Surpassing his first season in Washington may have felt like a burden for Gio Gonzalez, if only the notion of burdens fit into Gonzalez’s worldview. He is not the kind of person who dwells or worries. Let expectations soar. Let Major League Baseball investigate him. He will overwhelm an opposing lineup, drill a curveball through the chilling wind and smile as he floats around the bases.

Wednesday night, in the first start of his encore season, Gonzalez keyed the Washington Nationals’ 3-0 victory over the overmatched Miami Marlins with six shutout innings and the second home run of his career. Before 26,269 hunched against the cold, Gonzalez’s performance continued the giddy beginning to 2013 at Nationals Park, which has included two more curtain calls than runs scored by the visitor.

Behind opening day ace Stephen Strasburg, Gonzalez and their reworked bullpen, the Nationals have opened the season with two straight shutouts — becoming just the 13th team to accomplish that since 1900 — while allowing the underwhelming Marlins lineup only seven hits. Up next is Jordan Zimmermann, the 26-year-old right-hander who posted a 2.94 ERA last year.

“It’s not really hard to fathom,” said reliever Ryan Mattheus, who tossed a scoreless seventh. “I look at this staff, and that’s what I expect. I see one through five, and then the bullpen, the seven guys we got, I think there’s going to be a lot of shutouts.”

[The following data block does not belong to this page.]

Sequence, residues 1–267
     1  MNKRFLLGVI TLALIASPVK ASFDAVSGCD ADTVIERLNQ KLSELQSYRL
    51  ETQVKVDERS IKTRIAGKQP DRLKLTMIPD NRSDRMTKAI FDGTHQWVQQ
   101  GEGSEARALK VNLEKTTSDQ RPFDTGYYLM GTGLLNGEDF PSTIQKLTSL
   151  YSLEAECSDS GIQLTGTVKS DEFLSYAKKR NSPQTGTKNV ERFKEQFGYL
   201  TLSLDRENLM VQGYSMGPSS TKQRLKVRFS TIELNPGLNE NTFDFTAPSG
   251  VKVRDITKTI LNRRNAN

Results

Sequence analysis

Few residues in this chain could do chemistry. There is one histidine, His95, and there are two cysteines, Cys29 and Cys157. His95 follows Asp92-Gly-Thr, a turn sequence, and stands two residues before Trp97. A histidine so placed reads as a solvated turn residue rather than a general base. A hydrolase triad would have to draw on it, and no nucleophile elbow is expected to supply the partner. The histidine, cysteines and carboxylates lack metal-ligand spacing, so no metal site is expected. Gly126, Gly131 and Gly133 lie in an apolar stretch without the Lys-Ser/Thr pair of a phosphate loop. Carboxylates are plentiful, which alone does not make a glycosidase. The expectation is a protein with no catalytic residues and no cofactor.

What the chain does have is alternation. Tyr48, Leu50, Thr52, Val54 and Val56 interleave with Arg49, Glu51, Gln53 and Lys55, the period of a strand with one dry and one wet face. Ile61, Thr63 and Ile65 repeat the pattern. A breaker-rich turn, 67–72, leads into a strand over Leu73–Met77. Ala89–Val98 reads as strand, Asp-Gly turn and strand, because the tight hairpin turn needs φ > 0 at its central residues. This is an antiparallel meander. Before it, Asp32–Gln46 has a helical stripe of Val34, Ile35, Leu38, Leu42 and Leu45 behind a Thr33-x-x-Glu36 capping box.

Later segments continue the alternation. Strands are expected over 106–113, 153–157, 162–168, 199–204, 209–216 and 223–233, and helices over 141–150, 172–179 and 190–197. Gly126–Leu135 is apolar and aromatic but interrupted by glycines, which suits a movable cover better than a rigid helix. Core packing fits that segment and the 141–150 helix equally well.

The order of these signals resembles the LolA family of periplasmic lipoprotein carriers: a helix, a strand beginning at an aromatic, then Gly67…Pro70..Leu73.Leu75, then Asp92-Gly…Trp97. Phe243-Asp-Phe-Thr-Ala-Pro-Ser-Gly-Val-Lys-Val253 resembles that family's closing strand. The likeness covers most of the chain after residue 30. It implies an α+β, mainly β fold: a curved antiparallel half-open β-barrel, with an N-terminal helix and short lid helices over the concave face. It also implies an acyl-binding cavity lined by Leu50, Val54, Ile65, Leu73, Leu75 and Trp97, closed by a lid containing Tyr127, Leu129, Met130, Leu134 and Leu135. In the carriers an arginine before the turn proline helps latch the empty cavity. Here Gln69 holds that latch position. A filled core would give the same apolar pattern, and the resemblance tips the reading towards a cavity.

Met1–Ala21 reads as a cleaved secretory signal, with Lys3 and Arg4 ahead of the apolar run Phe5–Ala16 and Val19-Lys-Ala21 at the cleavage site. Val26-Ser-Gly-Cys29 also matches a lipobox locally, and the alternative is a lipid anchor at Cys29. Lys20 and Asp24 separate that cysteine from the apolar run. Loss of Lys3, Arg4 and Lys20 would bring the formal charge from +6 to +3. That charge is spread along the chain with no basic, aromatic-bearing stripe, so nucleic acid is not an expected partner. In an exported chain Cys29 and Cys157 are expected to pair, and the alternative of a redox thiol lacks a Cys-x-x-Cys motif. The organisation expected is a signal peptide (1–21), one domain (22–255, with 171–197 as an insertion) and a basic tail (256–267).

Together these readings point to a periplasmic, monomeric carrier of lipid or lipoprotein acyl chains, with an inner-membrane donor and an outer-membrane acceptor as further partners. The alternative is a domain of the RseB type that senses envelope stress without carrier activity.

New closer Rafael Soriano added a pinch of drama Wednesday, allowing a hit and walk to bring the tying run to the plate with one out in the ninth before securing his second save with a deep fly to center. Bryce Harper notched two more hits, including an eighth-inning double that nearly knocked over the right field wall.

The Nationals will lose a game soon. Two games in, as pitchers clobber homers and Denard Span cruises around center field and Soriano untucks his jersey, it just remains a bit difficult to see how.

“The two guys we fired out there, that can happen any given night,” first baseman Adam LaRoche said. “They’re dominant. That’s what they do. It’s nice to know we got three others behind them that are right there, toe-to-toe.”